Readying GOV.UK for the election

To make sure GOV.UK meets users’ needs through the transition from one government to the next, we’ve:

  • built and deployed ‘history mode’, which means policy-related content is clearly labelled and down-weighted whenever there’s a change of government
  • automatically applied history mode to all policy-related content from the 2010-15 coalition, with the ability to manually override it
  • added history mode to the blog.gov.uk platform, so bloggers can apply it selectively to their posts
  • replaced the policy format with simpler aggregation pages, removing the policy narrative (which users distrusted) and allowing content to be grouped both by a policy and its underlying sub-policies.
  • improved how GOV.UK handles changes to the machinery of government, and updated guidance for government publishers on all aspects of managing content through an election

Making it easier for users to find things

The problem of how users find what they need remains a very high priority, and we have a team dedicated to solving it. Recently we’ve:

  • completed a thorough assessment of everything we know about users' problems finding things on GOV.UK, and developed improvement plans to solve them
  • upgraded the search engine (ElasticSearch) to version 1.4 to allow us to improve search result quality
  • begun the process of identifying gaps in the categorisation system of the site (topics and subtopics), to make sure that all content can be categorised appropriately
  • begun linking mainstream browse through to topics and subtopics, so users can find all the GOV.UK content by subject (where content has been tagged to topics and subtopics)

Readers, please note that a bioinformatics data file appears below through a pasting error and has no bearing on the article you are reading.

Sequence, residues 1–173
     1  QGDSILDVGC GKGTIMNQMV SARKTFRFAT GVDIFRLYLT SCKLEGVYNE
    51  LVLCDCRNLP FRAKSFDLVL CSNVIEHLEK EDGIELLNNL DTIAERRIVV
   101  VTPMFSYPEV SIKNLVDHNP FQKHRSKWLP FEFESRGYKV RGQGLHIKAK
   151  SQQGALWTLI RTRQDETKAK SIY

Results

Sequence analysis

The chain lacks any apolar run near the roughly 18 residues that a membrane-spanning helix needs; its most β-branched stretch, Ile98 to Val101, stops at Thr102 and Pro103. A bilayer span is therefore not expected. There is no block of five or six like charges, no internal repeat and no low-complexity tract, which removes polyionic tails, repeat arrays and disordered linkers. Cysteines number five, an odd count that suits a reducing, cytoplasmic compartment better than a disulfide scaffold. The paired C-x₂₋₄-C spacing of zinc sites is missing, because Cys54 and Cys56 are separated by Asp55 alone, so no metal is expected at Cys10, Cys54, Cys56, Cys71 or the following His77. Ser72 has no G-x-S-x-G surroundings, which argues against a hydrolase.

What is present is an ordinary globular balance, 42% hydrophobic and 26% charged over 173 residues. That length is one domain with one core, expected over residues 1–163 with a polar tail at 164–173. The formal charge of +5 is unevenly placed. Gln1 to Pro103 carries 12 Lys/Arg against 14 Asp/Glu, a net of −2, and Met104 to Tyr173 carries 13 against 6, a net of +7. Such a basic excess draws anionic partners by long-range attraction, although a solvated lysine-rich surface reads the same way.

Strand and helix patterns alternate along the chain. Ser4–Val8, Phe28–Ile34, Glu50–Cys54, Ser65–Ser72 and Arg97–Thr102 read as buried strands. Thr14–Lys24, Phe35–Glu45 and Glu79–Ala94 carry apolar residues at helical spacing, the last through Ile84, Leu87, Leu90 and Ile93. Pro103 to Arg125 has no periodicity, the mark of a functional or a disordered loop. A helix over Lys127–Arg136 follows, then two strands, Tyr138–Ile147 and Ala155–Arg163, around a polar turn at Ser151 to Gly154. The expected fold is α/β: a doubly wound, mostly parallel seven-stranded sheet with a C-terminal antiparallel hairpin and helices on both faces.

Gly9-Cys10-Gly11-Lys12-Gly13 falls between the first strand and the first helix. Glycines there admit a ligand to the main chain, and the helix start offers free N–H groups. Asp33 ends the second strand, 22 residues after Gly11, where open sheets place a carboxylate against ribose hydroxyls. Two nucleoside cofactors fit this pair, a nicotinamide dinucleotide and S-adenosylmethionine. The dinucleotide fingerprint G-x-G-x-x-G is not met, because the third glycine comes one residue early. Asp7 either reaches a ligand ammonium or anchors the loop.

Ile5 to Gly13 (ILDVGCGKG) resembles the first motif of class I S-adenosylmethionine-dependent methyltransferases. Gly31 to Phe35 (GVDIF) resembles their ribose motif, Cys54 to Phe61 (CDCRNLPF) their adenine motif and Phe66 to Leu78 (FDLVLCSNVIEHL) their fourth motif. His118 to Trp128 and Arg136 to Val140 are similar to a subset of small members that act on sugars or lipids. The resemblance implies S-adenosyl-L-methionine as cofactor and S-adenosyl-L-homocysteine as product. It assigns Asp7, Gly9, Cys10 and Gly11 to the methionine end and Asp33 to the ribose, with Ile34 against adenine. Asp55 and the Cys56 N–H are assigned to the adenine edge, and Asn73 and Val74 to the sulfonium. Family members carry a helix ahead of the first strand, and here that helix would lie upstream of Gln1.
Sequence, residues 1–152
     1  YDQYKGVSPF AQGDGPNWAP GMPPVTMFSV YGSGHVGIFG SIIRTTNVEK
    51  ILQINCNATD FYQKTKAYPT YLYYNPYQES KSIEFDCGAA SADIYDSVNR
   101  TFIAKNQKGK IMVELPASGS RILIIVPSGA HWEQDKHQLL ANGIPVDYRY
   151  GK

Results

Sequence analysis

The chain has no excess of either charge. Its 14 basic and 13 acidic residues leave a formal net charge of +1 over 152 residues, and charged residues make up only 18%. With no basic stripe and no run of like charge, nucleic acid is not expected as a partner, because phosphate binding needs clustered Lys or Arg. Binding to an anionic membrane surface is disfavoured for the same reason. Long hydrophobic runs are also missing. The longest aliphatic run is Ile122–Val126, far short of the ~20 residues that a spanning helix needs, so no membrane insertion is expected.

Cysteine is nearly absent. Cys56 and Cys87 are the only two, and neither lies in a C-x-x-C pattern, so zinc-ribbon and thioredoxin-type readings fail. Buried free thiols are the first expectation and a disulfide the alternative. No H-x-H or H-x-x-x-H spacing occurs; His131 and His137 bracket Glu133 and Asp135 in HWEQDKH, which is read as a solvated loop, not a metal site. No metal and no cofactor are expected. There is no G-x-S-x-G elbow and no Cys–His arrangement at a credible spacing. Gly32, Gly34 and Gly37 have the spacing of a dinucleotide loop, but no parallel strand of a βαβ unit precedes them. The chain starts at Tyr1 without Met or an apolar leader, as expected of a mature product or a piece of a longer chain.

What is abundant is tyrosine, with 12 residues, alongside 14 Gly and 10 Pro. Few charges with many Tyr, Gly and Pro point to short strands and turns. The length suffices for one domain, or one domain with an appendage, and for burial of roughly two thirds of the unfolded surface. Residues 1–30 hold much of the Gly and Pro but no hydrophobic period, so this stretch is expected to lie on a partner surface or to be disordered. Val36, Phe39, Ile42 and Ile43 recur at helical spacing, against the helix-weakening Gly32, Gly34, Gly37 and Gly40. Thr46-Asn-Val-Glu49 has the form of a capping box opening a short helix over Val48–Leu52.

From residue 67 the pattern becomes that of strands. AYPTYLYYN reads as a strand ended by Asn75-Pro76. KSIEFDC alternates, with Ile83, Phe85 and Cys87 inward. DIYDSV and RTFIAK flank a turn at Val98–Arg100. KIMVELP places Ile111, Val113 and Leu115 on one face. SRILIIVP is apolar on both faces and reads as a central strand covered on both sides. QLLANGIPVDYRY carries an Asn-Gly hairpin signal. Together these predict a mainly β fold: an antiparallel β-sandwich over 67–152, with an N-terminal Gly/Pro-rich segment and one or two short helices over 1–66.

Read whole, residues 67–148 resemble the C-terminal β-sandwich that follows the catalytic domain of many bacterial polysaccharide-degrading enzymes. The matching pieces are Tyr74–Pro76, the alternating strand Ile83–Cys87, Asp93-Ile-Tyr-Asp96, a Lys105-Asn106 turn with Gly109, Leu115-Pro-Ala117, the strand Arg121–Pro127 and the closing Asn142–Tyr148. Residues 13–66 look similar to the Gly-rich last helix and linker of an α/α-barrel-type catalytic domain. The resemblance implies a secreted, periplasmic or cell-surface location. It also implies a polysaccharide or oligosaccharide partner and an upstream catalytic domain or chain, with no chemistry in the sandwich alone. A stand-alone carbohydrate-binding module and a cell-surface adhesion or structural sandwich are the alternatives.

• migrated legacy detailed guidance categories to subtopics, so we can have one fewer browse mechanisms on the site
  • moved tag management from a legacy app (panopticon) into collections publisher and put it in content store as part of moving to the new publication pipeline
  • improved the spelling correction suggestions that are given for misspelled searches

Improving our software and processes

We’ve continued building out a new single publishing pipeline so we can simplify our backend software architecture, and we now have one format (case studies) using the new pipeline end to end. This is a big piece of work and will be ongoing for some time.

In our content team, we’ve made use of the quieter pre-election period to try out new ideas and improve how we work. Among other things, we’ve spent time thinking about tough content design challenges (like long lists, forms, letters and the increasing use of mobile devices), and worked up plans for how we can proactively review content and make improvements theme by theme.

Things we plan to do next

We’ll blog soon about our long term goals and the missions we’re working to achieve this financial year.

Meanwhile, in the coming weeks we expect to:

  • add more filters to the new policy pages and tidy up technical debt from election-related changes
  • complete the switchover from classic Google Analytics to Universal Google Analytics on 2 June
  • continue to replace detailed guidance categories with topics and subtopics, and link mainstream browse through to topics
  • make some ‘quick win’ improvements to site search using features of the newer version of ElasticSearch
  • define user journeys to work on as part of content improvement theme work for Immigration and Passports
  • run a planning workshop on the Scottish rate of income tax
  • complete final outstanding HMRC post-transition content improvements
  • work on 3rd country updates to the Marriage Abroad smart answer
  • finalise and publish updates to the pay and leave for parents calculator as well as a new version for adoptions
  • finish scoping user needs and content for the Planning Portal transition
  • add EU logos to two funding finders

As always, if any of this is unclear, or if you have feedback on whether we’re prioritising the right stuff, please do comment on this post to let us know.